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Learning from sport burnout and overtraining
Learning from sport burnout and overtraining

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5 The physiology of overtraining

Exercise physiologists are interested in the functions and mechanisms of the human body’s response to exercise.

Figure 6 illustrates the concept of supercompensation (the process of the body adapting to the progressive demands of training). The timescales involved are very broad estimates but do indicate that far longer is needed for recovery and adaptation than some people realise. This is why training plans often aim to stress different muscle groups at different times in a training period and why consistently high training volumes and intensities make it more difficult to sufficiently recover between sessions.

Ideally, athletes follow a periodised programme which varies the volume, intensity and training focus: this enables supercompensation and recovery but minimises fatigue.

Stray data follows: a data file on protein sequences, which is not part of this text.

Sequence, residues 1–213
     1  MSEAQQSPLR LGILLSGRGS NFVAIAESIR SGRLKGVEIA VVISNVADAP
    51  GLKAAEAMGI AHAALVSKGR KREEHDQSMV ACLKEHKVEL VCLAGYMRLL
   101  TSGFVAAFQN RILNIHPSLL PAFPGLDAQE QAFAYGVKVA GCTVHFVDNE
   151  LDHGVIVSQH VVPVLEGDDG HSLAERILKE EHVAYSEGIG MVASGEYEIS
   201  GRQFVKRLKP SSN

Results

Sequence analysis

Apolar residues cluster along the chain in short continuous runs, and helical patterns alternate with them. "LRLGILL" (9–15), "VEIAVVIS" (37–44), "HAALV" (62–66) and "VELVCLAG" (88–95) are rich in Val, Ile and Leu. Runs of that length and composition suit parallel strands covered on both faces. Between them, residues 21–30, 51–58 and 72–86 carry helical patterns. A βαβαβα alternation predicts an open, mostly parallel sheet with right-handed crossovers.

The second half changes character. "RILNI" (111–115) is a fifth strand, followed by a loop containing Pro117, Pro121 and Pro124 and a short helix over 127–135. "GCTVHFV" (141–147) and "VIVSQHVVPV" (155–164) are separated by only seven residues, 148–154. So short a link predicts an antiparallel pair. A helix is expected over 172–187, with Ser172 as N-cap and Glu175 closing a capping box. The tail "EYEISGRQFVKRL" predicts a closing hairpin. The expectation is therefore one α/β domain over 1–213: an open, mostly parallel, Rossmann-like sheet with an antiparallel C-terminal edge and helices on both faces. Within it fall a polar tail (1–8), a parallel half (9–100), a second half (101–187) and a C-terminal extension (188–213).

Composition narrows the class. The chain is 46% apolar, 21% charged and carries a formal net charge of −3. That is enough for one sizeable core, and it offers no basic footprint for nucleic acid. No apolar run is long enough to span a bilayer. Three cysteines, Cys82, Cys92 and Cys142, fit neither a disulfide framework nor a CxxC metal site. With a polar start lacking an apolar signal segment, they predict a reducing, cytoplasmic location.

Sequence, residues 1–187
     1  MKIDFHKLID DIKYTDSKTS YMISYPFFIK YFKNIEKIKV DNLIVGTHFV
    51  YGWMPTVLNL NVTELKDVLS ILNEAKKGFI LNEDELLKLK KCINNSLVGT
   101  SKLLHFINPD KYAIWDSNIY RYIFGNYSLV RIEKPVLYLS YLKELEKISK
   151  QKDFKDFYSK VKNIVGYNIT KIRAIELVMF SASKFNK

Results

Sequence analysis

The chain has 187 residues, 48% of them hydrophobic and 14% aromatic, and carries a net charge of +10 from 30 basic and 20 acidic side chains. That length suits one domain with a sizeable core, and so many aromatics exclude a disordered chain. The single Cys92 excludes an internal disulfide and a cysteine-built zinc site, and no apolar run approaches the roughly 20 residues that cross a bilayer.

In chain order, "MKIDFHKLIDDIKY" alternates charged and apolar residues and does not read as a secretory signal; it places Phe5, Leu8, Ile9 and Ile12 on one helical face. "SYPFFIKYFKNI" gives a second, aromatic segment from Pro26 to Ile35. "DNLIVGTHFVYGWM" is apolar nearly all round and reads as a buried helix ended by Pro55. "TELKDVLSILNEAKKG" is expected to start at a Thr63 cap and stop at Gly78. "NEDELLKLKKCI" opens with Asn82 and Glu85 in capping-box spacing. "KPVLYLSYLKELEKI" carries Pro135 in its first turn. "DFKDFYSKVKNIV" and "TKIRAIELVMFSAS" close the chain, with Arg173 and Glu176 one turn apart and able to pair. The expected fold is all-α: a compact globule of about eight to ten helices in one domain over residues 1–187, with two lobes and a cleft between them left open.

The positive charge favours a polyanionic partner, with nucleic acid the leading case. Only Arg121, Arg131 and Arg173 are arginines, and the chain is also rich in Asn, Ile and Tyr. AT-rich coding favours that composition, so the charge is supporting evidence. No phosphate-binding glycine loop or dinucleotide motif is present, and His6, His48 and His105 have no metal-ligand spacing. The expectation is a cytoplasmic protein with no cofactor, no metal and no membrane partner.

Described image
Figure 6 The supercompensation effect and its relation to training and recovery

Leading strength and conditioning coach Vern Gambetta (2007) explains:

The body is always seeking to maintain a state of homeostasis [equilibrium] so it will constantly adapt to the stress from its environment … the desired adaptive response is called supercompensation. … The first step is the application of a training stress and the body’s subsequent reaction to this …: fatigue or tiring. There is a predictable drop-off in performance because of that stress. Step 2 is the recovery phase. … As a result of the recovery period, the energy stores and performance will return to the baseline (state of homeostasis) … Step 3 is the supercompensation phase. This is the adaptive rebound above the [performance] baseline; it is described as a rebound response because the body is essentially rebounding from the low point of greatest fatigue. This supercompensation effect is a physiological, psychological and technical response.

(Gambetta, 2007, p. 71)

The penultimate word ‘technical’ refers to improvements in skills, techniques and accuracy in a movement. You will now consider what happens when repeated training sessions apply training stress. Here, a new term will be introduced: overreaching.